Figure 1 Percentage of wound regression in the experimental groups on days 7, 14 and 21. The p values are indicated by (*p<0.05, **p<0.01, and ***p<0.001). 

Analysis of the inflammatory cell population at seven days showed a reduction in the inflammatory infiltrate in the LED + D (p<0.01) and US + D groups (p<0.05) compared to control. At 14 days, a significant difference (p<0.001) was observed between the LED + D and control groups. In addition, although at a lower significance level (p<0.01), the US + D and LED groups presented a smaller number of inflammatory cells than the control group. A significant reduction (p<0.001) in the inflammatory cell population was observed after 21 days in all treated groups compared to control animals. Intergroup comparison revealed a significant difference (p<0.05) only at 7 days between the LED + D and LED groups (Figure 2).

Figure 2 Number of inflammatory cells (20.000 µm2) in the experimental groups on days 7, 14 and 21. The p values are indicated by (*p<0.05, **p<0.01, and ***p<0.001). 

Qualitative histological analysis based on the degree of reepithelialization and the presence of inflammatory cells revealed results similar to those of histomorphometric analysis. The absence of reepithelialization associated with large numbers of inflammatory cells was observed in the control group at seven days. In contrast, the US + D and LED + D groups exhibited partial reepithelialization with a less evident inflammatory infiltrate. The LED group showed reepithelialization in the early stage and an inflammatory infiltrate similar to that observed in the LED and LED + D groups. Initial remodeling of newly formed collagen fibers was observed in the LED, LED + D and US + D groups, whereas remodeling was still absent in the control group. At 14 days, the control group still showed no reepithelialization and large numbers of inflammatory cells, while partial reepithelialization, more advanced remodeling and a more discrete inflammatory infiltrate were observed in the remaining treated groups (LED, LED + D, and US + D) compared to control. At 21 days, partial reepithelialization and an abundant inflammatory infiltrate were still seen in control specimens. In the LED group, reepithelialization was still incomplete and a small number of inflammatory cells was present. In contrast, the wound was fully reepithelialized in the LED + D and US + D groups, remodeling was in an advanced stage, and only some inflammatory cells were visible in the wound area. In contrast, the process of collagen fiber remodeling was in an intermediate stage in the control group.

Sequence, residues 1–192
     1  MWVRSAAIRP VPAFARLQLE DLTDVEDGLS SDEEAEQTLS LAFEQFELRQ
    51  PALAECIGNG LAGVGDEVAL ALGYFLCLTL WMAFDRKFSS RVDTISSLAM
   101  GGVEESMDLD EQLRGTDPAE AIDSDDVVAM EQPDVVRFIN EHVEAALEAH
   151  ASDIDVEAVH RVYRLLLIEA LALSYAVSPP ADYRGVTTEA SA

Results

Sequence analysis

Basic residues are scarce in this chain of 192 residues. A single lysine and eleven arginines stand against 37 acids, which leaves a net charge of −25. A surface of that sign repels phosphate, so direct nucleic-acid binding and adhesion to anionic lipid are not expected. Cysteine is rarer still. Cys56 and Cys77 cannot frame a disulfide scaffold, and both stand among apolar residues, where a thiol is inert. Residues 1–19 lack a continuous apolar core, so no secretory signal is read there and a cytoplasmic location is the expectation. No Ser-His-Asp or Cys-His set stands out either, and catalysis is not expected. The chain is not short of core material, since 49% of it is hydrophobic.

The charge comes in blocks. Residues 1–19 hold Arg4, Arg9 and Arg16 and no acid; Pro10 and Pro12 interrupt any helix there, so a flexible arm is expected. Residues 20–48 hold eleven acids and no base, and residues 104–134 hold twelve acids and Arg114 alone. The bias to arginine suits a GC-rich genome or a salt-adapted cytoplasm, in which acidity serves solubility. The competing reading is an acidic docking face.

The qualitative data regarding the presence of inflammatory cells, fibroblasts, blood vessels, and collagen fiber organization are shown in Figure 3. Intense neovascularization, a reduced inflammatory infiltrate and fibroblast proliferation were observed at 14 and 21 days in the treated groups compared to control. Reepithelialization was minimal in the control specimens, which exhibited large numbers of inflammatory cells, discrete neovascularization, fibroblast proliferation, and disperse newly formed fine collagen fibers.

Figure 3 Qualitative aspects of the inflammatory process of surgical wounds in the experimental groups at 7 (A), 14 (B) and 21 (C) days of treatment (HE, x400). Group I: Control; group II: LED; group III: LED + dressing, and group IV: US + dressing. Yellow arrows: inflammatory cells; red arrows: blood vessels; blue arrows: fibroblasts. 

Analysis qualitative of collagen fiber organization in the treated groups revealed partial organization at 14 days and complete organization at 21 days compared to control (Figure 4).

Figure 4 Qualitative aspects of collagen fibers in the experimental groups at 7(A), 14(B) and 21(C) days of treatment (Masson's trichrome, x400). Group I: Control; group II: LED; group III: LED + dressing, and group IV: US + dressing.